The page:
What’s included:
  • Try our easy step-by-step guide
  • Create your documents before you buy
  • Only purchase if you are satisfied with your estate planning documents
  • Create a last will and testament that’s customized to your wishes and your state’s laws
  • Free changes and revisions to your will for a full year after purchase
  • Create your state-specific documents before you buy
  • Create a power of attorney that’s customized to your wishes and your state’s laws
  • Free changes and revisions to your document for a full year after purchase
Close

All done! Based on your answers, we recommend:

Last Will and Testament + Health Care Directive & Living Will

For One Person

$118
What’s included:
  • Try our easy step-by-step guide
  • Create your documents before you buy
  • Only purchase if you are satisfied with your estate planning documents
  • Create a last will and testament that’s customized to your wishes and your state’s laws
  • Free changes and revisions to your will for a full year after purchase
  • Create your health care directive and living will before you buy
  • Create a document that’s customized to your wishes and your state’s laws
  • Free HIPAA release form
  • Free changes and revisions to your document for a full year after purchase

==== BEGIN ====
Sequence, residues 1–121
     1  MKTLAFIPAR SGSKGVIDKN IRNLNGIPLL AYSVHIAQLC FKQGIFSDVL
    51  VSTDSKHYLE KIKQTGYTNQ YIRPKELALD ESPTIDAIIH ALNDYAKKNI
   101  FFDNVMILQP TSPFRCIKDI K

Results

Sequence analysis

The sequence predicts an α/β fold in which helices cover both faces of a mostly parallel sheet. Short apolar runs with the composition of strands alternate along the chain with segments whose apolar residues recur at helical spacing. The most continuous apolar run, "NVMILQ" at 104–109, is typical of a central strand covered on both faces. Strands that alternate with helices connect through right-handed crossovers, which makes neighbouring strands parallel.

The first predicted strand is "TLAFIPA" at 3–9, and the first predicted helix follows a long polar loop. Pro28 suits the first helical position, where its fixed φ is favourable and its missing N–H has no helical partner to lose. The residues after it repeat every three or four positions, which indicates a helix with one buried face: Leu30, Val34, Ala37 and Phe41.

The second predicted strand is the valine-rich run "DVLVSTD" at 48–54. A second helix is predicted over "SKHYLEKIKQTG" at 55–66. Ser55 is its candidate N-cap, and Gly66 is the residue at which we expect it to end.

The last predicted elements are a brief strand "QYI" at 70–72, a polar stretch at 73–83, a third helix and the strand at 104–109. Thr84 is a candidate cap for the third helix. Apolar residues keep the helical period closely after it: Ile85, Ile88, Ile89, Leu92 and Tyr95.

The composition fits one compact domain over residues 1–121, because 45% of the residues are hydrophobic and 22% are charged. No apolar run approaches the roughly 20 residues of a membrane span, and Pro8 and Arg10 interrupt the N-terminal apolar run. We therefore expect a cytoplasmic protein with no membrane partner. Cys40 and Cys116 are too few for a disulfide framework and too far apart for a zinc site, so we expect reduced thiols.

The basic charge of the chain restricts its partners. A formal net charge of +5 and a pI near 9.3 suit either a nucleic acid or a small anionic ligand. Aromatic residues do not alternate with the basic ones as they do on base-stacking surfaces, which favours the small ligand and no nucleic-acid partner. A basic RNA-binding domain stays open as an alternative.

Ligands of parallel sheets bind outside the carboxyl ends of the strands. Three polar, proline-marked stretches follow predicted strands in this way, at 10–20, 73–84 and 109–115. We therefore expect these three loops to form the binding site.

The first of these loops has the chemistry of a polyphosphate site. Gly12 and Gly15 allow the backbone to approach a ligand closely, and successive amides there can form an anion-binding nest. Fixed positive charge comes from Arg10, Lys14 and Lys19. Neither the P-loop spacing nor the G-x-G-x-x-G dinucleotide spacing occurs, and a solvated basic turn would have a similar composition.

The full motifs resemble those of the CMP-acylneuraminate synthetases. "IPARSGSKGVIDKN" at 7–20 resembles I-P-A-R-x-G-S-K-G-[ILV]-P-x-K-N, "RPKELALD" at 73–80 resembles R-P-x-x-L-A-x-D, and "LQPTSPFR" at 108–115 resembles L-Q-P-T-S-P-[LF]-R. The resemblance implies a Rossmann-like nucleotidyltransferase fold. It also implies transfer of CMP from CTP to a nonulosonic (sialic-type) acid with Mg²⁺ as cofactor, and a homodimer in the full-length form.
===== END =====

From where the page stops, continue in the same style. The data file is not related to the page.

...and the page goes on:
Close

All done! Based on your answers, we recommend:

Health Care Directive & Living Will + Financial Power of Attorney

For Two People

$156
What’s included:
  • Try our easy step-by-step guide
  • Create your state-specific, attorney-approved documents before you buy.
  • Only purchase if you are satisfied with your estate planning documents
  • Create an attorney-approved document that’s customized to your wishes and your state’s laws
  • Free HIPAA release form
  • Free changes and revisions to your document for a full year after purchase
  • Create your state-specific, attorney-approved documents before you buy
  • Create an attorney-approved power of attorney that’s customized to your wishes and your state’s laws
Close

All done! Based on your answers, we recommend:

Last Will and Testament + Financial Power of Attorney

For Two People

$227
What’s included:
  • Try our easy step-by-step guide
  • Create your state-specific, attorney-approved documents before you buy
  • Only purchase if you are satisfied with your estate planning documents